Pros and Cons of a Salt Water Pool

The Pros and Cons of a Salt Water Pool

Salt water pools are a popular alternative to traditional chlorine swimming pools, and for good reason. 

They’re cheaper to maintain and won’t leave you with burning eyes and dried-out skin. But are they worth the hype? 

We’re taking a deep dive into the salt water pool phenomenon and giving you the details. 

What is a salt water pool?

Contrary to what some say, swimming in a salt water pool isn’t like taking a dip in ocean water. That intensely salty flavor requires ten times higher salinization levels than we’re talking about here. Instead, this type of pool uses a lower salt concentration that’s converted through a chemical reaction to produce chlorine.

Salt systems use an electrode to separate the two elements of salt: sodium and chloride. Electrolysis produces pure chlorine, which reacts with water to create hypochlorous acid. It’s this substance that cleans your pool. So, in essence, you’ve still got a chlorinated pool. It just gets there through a different method. 

The benefits of installing a salt water system in your pool

Installing a salt water system in your pool brings some significant advantages. When choosing which system you’ll use, it’s essential to understand what you gain. 

Salt water is softer on the body

Store-bought chlorine additives have a nasty side effect, we’re sure you know. A byproduct of these chemicals causes burning eyes, dried-out hair, and itchy skin. Chloramines give traditional pool water its distinctive smell and consequences.

Using salt instead decreases the amount of chloramines in the water significantly. Swimming in salt water pools is better for your body, and the water even feels different. You’ll luxuriate in the smoother sensations of this cleaning method.

Salt water pools are safer than chlorine pools

Storing harsh cleaning chemicals can actually be dangerous, as many homeowners discover. Fun fact: chlorine pools require storing volatile chemicals close to your family and property. If mixed, different types of chlorine can explode instantly. The gasses created may be lethal.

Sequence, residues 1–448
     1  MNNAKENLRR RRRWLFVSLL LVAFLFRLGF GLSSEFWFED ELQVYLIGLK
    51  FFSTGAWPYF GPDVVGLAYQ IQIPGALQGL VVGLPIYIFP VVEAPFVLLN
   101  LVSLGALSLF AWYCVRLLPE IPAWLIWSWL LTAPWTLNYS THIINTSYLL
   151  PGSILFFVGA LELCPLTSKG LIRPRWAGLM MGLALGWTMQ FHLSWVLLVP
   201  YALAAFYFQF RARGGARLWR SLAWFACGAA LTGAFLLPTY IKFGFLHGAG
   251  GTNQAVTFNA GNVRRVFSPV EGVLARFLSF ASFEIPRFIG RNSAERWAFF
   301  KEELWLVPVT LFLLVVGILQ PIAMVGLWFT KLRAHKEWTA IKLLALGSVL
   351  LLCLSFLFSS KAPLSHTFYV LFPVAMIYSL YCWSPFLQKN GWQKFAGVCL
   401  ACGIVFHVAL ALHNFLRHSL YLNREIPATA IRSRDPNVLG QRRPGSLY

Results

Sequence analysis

You save money on chemical usage

You’ll save money because your salt water pool only generates enough chlorine to keep the water clean. When there’s enough NaCL in the pool, it’ll maintain itself. 

Chlorine pools require weekly maintenance and frequently require “shocking,” or the addition of high amounts of the chemical. 

Less maintenance is required

Salt water pools require very little maintenance as long as they work correctly. Electrolysis ensures the lowest amount of chlorine necessary in the water. 

With traditional pool care, you’ll be out there testing the water and adding chemicals to maintain levels. You’ll also have to add other chemicals to balance the pH and reduce the hardness of the water.

Any size pool can be turned into a salt water pool

If you’ve got an existing pool on your property that you want to convert to salt water, size doesn’t matter. Large or small, conversion isn’t terribly expensive and can adjust to fit the largest pools. Initially, for bigger sizes, you may need to add more salt. Make sure to test the water first, so you’re not adding more than it requires. 

They increase your home’s value

While chlorine pools can be a drawback to some homebuyers due to maintenance costs, these are different. Since salt water pools require less maintenance and chemical storage, they add value to your home. Some studies show this could be as high as 5 to 8 percent in the right market.

Downsides of a salt water pool

As great as salt water pools sound, there are some drawbacks. Whether or not they’re enough to stop you from installing one is up to you. 

Upfront payment is more expensive

When you’re installing a pool, you’re already talking about a significant investment. An inground vinyl or fiberglass pool in Florida runs between $28,000 and $60,000. Compared to chlorinated systems, they require more expertise to install and repair. 

A salt water system can run anywhere between $1,400 – $2,400 plus the cost to have a licensed technician install it

Your equipment may take damage

Regular pool equipment won’t survive in a highly salinated environment. Salt corrodes metal, so you must purchase specific lighting, heaters, fixtures, and liners that work in that setting. If you’ve already invested in pool hardware, replacement costs can add up quickly.

Salt water pools require more expertise if you run into a problem

You shouldn’t be poking around in any pool filtration system unless you’re a licensed pool technician. Issues with water quality in a chlorine pool are frequently fixable by the DIYer with the right tools. However, because of the complex electrolysis system in a salt water pool, only experts should touch them. 

They’ll be able to repair any issues and make sure the water is safe for swimming. 

Contact GPS Pools for a quote on salt water systems for your pool!

Deciding whether to install or convert your pool to salt water isn’t easy. There’s lots of information on both sides, requiring a significant investment. Our team at GPS Pools has over 20 years of experience with different pool systems and maintenance. Let our expert technicians take a look at your plans and help you find the best solution for your situation. 

Let our team take care of all your salt water pool needs. Check out our website or stop into one of our locations.